HER Majesty’s Opposition has a right – indeed, probably, a duty – to take George Osborne’s Budget to pieces and to analyse and probe every detail of it with a critical and hostile eye.
But what cannot be denied, irrespective of the merits or demerits of the Budget’s contents, is that the Chancellor’s presentation of it was a masterclass of Parliamentary theatre.
Osborne has politically grown up leaps and bounds since those first halting days as Chancellor. Last week he was brimming over with confidence. His optimism and freshness cast a warm glow over those who heard or saw it.
Britain “the come-back country” is “walking tall”. “The sun is starting to shine and we are hitting the road.” No wonder Tory MPs were waving their order papers enthusiastically when he sat down after 59 minutes.
Maybe Labour was right in castigating it as the Budget no one believes and the Chancellor as someone nobody trusts. But they cannot deny that his performance was brilliant. He deserved an Oscar for that.
Meanwhile, that must make Osborne firm favourite to succeed if David Cameron falls by the wayside. I would put my money on him rather than Boris Johnson or Theresa May, the other names mentioned by the PM when he said that he would not seek a third term if re-elected on May 7.
THE greed of some of Britain’s politicians knows no bounds. Members of the Scottish Parliament voted to give their First Minister Nicola Sturgeon a pay rise which would mean she would take home more than the Prime Minister.
That would have put her salary up to £144,687 a year compared with David Cameron’s £142,500.
Just look at the figures. Sturgeon is responsible for a population of 5.3 million, while Cameron’s responsibility is for 64.1 million. In addition, Sturgeon has no control over defence, or foreign affairs and only limited say on issues like tax and benefits.
Ultimately wiser heads prevailed. Ms Sturgeon’s pay packets will now contain “only” £135,000, as they realised that the higher sum would create a public relations calamity.
Even so, many English MPs are angry that it’s England which, in their opinion, is the goose laying the golden egg, yet it is Scotland which is scoffing much of it.
I CANNOT for the life of me think what came over the Thirsk, Malton and Filey Conservative Party in voting to “deselect” their sitting MP Anne McIntosh, one of the most hard-working and talented back-benchers at Westminster.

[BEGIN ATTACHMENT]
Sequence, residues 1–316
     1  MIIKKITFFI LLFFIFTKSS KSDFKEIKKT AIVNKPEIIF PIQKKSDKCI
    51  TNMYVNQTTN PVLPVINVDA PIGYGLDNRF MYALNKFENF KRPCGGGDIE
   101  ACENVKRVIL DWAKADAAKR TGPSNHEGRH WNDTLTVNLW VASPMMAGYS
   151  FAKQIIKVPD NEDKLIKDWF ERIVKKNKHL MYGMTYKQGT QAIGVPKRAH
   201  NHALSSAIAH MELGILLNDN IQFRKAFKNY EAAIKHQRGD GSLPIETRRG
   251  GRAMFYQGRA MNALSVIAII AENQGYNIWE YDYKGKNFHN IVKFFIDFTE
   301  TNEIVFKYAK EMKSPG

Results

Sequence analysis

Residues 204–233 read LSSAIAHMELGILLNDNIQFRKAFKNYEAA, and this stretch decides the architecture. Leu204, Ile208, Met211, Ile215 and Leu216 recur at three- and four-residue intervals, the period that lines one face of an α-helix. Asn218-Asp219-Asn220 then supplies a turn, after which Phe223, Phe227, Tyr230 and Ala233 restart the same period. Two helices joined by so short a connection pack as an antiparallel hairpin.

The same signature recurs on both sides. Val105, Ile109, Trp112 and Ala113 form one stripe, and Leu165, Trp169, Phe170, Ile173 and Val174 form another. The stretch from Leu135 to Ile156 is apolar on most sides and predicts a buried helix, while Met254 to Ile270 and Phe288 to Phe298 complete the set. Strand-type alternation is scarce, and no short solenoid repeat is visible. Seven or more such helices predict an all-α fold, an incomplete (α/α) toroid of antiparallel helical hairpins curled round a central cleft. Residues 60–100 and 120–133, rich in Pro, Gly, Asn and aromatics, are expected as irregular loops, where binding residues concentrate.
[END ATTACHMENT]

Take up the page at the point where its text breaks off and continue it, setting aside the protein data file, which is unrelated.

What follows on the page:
Indeed had it not been for the unfortunate fact that one of her opponents died during the 2010 election campaign, and thus the voting in the constituency was delayed for several weeks, Ms McIntosh would almost certainly have become a member of the Government.
It seems to me that she was ousted after an unpleasant smear campaign. But, amazingly, Ms McIntosh bears no ill-will. There was a suggestion that she might stand as an Independent, but she eschewed that, saying it would probably split the Conservative vote.
She wrote: “Many have asked me to stand locally in some capacity. I am honoured but my place is within the Party and I would never put personal ambition ahead of the best interests of the country which can only be served by another government led by David Cameron.
“I am deeply grateful to all my supporters, and bear no ill-will to those who engaged in a democratic process to change their parliamentary candidate.”
Ms McIntosh has done an immense amount of good as an MP and committee chairman. Her successor is going to have a mammoth job to achieve even half as much as she did. Local Tories may well rue the day they disowned her.
KARL Turner, shadow solicitor-general and Hull MP, seems to be a king-size plonker. His reaction to outgoing Labour MP Austin Mitchell’s jokes about Ed Miliband’s two kitchens was enough to reduce the nation to gales of laughter with its pomposity.
For years left-winger Mitchell, MP for Grimsby, has been making fun of his own party leadership, but there was never the slightest hint of malice in his comments. However Mr Turner was not amused. He winged a finger-wagging missive to Mitchell saying: “If you can’t say anything supportive just keep your opinion to yourself. We need to retain Grimsby – you’ve done little to help with that.
“You’re a joke, Austin. You think it is clever to attack us. It is not clever, and you have had plenty out of the party.”
He then descends to fourth-form standards by adding, grotesquely: “I doubt you’ve ever had a kitchen in Grimsby.” It is about time Mr Turner lightened up – and grew up.
Chris Moncrieff is a former political editor of the Press Association.